Actually, she’s won 198 of them, the most of any Tarleton volleyball coach.
Reisman easily recalls exactly what he saw in Schindler and why he and a committee decided to hand over the keys to the program to a head coach who had barely completed her eligibility as a player.
“I watched her as a player and I couldn’t help but notice the way others around her fed off her fire and enthusiasm, and I always thought she would make a great coach,” Reisman said. “We knew there would be growing pains, she would have to learn to manage a program and a budget, but those were all things we could help her with and she could learn through experience. What we didn’t want to let get away is what we see today, and I believe that’s one of the best volleyball coaches in the nation.”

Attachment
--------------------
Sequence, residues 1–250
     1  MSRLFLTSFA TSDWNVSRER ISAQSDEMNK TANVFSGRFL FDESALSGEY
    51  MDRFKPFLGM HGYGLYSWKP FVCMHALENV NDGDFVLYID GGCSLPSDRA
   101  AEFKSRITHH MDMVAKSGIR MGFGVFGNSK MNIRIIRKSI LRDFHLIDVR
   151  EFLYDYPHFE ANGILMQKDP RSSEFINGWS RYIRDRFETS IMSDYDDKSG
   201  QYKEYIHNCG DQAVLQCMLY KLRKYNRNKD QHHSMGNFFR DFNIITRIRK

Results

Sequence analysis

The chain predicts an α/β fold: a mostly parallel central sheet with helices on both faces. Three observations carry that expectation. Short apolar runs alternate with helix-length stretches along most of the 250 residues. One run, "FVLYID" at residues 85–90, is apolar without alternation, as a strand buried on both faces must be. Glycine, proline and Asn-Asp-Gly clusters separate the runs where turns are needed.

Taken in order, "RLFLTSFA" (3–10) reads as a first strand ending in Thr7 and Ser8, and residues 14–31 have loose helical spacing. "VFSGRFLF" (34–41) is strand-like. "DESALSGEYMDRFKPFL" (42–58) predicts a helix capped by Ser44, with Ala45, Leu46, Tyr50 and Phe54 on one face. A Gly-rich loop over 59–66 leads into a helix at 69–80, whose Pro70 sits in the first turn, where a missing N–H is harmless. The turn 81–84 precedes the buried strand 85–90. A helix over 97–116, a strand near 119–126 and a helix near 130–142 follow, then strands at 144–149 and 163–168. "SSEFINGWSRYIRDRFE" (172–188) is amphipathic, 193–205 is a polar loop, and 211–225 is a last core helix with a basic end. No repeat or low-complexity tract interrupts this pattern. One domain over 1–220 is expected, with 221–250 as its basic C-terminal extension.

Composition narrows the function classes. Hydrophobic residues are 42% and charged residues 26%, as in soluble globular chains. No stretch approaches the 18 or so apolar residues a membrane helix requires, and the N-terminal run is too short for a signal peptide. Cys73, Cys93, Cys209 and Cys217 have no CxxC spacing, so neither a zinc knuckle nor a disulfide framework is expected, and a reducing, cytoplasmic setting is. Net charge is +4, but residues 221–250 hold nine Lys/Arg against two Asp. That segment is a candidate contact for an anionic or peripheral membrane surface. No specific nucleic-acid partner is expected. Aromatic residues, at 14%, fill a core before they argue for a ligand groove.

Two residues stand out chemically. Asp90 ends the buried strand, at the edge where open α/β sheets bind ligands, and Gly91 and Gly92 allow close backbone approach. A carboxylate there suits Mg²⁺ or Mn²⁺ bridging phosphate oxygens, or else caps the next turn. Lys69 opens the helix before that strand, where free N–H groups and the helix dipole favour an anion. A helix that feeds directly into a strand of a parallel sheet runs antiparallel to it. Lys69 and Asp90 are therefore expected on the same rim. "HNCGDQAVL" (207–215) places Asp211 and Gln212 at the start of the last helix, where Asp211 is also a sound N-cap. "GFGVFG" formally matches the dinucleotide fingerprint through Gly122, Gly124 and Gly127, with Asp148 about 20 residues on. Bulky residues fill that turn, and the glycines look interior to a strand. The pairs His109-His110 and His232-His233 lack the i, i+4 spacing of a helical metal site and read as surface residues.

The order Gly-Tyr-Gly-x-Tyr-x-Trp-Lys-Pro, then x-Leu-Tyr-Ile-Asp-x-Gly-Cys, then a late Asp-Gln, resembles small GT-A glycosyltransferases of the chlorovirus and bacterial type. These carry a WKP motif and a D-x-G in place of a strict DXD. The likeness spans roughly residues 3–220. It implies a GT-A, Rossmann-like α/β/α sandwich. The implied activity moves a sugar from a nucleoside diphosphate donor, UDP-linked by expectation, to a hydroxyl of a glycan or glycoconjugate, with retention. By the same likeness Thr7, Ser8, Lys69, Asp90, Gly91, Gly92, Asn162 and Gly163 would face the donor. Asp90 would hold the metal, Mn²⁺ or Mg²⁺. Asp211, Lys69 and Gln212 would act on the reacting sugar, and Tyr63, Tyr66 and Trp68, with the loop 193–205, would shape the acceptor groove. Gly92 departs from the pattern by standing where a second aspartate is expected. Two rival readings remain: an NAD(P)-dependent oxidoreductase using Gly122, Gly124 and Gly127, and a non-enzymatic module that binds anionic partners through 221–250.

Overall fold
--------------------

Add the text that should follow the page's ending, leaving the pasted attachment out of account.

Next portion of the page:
Schindler knew what she was walking into.
“When I got started I wanted the opportunity to grow myself while building a program, and to get to do that here is incredible,” Schindler says. “I knew when I got the job we had people here who expected the program to change and were committed to seeing it do that. They weren’t happy where we were, and neither was I.”
No one is complaining now.
“I’m the type I always believe we can win. Even in the games we shouldn’t, I believe it,” she said. “If you don’t aspire to be the best, you never will be.”
Her TexAnns aspire to be the best in the LSC, and they just might be.
On Wednesday, they can take a big step toward proving it.
“This is our dream,” said Umble. “To be in this position, in this game playing for fist place. This is where all of us, the seniors, believed we would be.”
Schindler believed it, too. And Reisman when he hired her.
On Wednesday, Wisdom Gym will be a ‘zoo.’ For perhaps what really is the biggest home match in Tarleton history.